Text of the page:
Clicking on the link provided by Twitter, I was directed to a page explaining that, among many other potential violations, posting misleading information about COVID-19 was a violation of Twitter policy. When I clicked on the link supplying more detailed information, I was brought to this page, stating, "As the global community faces the COVID-19 pandemic together, Twitter is helping people find reliable information, connect with others, and follow what's happening in real time."
There, under the heading, "Protecting the public conversation," the following nine bulleted items were listed:
— Clarifying how we assess misleading information.
— Updating our approach to misleading information.
— Broadening our guidance on unverified claims.
— Our ads policy for COVID-19.
— Broadening our definition of "harm."
— An update on our content moderation work.
— Automated technology and what to expect if you file a report.
— Additional triage, quality assurance and ongoing review of Twitter's rules.
— Our zero-tolerance approach to platform manipulation.
Can anyone tell me how posting a factual comment about the death of Jonathan Edwards in 1758 is in violation of any of these terms? Would any rational human being assume that I was saying, "I'm warning you not to get the COVID vaccine in 2021 seeing that Edwards died 263 years ago from a failed vaccination attempt"? (Does anyone think that medicine and technology have not advanced dramatically since 1758?)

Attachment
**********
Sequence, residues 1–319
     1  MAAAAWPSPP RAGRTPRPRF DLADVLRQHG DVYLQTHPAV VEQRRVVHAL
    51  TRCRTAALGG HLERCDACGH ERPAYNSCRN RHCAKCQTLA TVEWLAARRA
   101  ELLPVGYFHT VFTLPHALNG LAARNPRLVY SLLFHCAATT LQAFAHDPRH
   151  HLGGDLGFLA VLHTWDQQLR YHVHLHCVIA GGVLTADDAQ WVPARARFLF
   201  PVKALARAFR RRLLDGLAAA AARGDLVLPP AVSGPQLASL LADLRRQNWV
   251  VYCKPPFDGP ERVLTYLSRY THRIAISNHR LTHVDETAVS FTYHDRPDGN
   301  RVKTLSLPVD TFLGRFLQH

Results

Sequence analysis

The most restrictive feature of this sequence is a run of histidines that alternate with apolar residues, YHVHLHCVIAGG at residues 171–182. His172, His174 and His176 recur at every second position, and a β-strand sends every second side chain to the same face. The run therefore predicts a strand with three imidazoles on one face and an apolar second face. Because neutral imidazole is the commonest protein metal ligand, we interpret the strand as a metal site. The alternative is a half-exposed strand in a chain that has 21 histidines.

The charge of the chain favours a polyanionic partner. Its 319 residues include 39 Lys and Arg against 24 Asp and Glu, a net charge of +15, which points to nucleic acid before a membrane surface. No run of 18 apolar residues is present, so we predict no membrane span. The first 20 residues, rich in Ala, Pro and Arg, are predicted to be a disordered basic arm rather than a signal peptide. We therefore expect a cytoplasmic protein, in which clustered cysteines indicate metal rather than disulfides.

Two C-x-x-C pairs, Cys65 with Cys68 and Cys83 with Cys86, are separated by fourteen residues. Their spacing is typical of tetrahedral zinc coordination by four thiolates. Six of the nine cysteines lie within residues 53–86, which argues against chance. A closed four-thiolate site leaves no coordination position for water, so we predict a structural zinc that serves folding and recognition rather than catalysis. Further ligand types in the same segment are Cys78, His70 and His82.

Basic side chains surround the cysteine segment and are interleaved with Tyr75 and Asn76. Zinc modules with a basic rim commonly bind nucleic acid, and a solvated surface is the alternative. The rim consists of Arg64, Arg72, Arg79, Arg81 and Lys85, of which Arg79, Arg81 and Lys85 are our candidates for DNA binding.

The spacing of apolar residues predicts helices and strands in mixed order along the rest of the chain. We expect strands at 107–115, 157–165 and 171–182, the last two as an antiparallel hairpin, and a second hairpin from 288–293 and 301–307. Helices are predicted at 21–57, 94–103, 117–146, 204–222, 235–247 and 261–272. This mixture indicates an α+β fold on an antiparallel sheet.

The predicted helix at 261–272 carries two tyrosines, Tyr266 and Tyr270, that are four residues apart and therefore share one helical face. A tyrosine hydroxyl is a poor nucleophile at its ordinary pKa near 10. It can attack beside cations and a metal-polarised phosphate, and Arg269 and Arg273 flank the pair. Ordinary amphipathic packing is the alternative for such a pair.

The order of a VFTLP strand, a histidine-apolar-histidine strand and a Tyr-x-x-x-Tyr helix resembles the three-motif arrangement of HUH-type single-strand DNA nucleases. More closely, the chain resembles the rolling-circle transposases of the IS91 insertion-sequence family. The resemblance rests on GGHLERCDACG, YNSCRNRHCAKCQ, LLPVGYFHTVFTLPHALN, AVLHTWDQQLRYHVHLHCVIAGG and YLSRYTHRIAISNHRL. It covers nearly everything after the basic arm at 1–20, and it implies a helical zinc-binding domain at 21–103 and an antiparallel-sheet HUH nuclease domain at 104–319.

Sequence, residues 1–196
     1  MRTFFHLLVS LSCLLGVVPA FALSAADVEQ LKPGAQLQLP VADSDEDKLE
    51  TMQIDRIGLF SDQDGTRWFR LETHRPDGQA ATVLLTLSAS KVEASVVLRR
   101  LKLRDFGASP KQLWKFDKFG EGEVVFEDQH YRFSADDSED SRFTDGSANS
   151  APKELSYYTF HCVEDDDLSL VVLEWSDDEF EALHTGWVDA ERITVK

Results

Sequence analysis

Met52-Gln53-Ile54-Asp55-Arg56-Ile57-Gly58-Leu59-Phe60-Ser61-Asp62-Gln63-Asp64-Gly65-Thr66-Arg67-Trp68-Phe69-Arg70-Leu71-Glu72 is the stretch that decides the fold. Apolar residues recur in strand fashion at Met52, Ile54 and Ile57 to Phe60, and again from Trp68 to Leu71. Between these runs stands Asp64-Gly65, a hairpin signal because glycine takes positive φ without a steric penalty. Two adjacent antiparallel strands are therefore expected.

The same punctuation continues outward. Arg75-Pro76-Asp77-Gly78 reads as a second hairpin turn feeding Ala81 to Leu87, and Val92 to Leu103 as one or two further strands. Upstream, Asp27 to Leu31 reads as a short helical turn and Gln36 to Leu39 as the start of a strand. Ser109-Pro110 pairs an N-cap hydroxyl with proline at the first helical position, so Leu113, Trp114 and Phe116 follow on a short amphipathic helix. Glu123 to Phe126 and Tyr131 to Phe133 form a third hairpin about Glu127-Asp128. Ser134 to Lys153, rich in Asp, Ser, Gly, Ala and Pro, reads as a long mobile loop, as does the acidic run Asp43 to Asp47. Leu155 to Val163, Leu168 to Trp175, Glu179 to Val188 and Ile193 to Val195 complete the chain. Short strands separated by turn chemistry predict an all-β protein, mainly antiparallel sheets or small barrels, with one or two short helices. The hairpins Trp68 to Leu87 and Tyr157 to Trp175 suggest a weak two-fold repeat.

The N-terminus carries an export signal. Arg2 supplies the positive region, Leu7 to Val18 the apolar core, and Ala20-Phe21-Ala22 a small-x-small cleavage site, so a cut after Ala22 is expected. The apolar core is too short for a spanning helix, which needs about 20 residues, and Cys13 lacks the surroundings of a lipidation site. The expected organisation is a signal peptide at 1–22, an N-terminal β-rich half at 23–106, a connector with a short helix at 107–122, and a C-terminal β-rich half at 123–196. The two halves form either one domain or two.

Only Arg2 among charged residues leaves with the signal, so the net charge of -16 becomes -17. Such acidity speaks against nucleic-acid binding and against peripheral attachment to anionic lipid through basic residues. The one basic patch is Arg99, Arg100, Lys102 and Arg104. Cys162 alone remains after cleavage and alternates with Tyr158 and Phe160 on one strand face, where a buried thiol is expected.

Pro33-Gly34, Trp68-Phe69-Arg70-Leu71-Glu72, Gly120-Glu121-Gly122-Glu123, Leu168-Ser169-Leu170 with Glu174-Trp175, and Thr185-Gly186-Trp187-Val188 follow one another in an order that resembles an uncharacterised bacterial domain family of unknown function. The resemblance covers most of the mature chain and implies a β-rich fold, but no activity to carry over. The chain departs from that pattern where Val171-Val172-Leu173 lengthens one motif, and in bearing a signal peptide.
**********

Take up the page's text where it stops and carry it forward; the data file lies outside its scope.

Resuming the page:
But today, it appears that even posting historical facts that are deemed inconvenient is a challenge to Big Tech's iron grip.
Perhaps the cause of Edwards' death will now be scrubbed from our history books too? (The History Extra website ran an April 2020 article titled, "Rewriting the past: the history that inspired Orwell's Nineteen Eighty-Four.")
Because I only have 42,800 Twitter followers, it was not urgent that I was able to access my account again. And so, for sake of principle (and as a teachable moment), I chose to appeal the ruling. (As I write, about 12 hours later, there has been no response from Twitter, other than to acknowledge my appeal.)
That being said, because the tweet in itself was not vitally important to me, should Twitter drag its feet in responding, I'll likely remove the tweet and reactivate my account. For me, this tweet is not a hill worth dying on.
But unless Twitter fails to apologize to me in writing, saying that this was an error on their account, we now have yet another example of the degree to which dangerous lines are being crossed.
Not only are dissenting opinions unwelcome. Inconvenient historical facts are banned as well.
To quote Orwell's 1984, "Who controls the past controls the future: who controls the present controls the past."
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For more information on how you can fight back against cancel culture, make sure to get a copy of what Charisma founder and CEO Stephen Strang says is his most important book yet. God and Cancel Culture releases Sept. 7, the day after Labor Day, wherever fine books are sold. Pre-order it at stevestrangbooks.com and receive $120 worth of free gifts, including four e-books and a subscription to Charisma magazine.
Dr. Michael Brown (www.askdrbrown.org) is the host of the nationally syndicated Line of Fire radio program. His latest book is Evangelicals at the Crossroads: Will We Pass the Trump Test? Connect with him on Facebook or Twitter, or YouTube.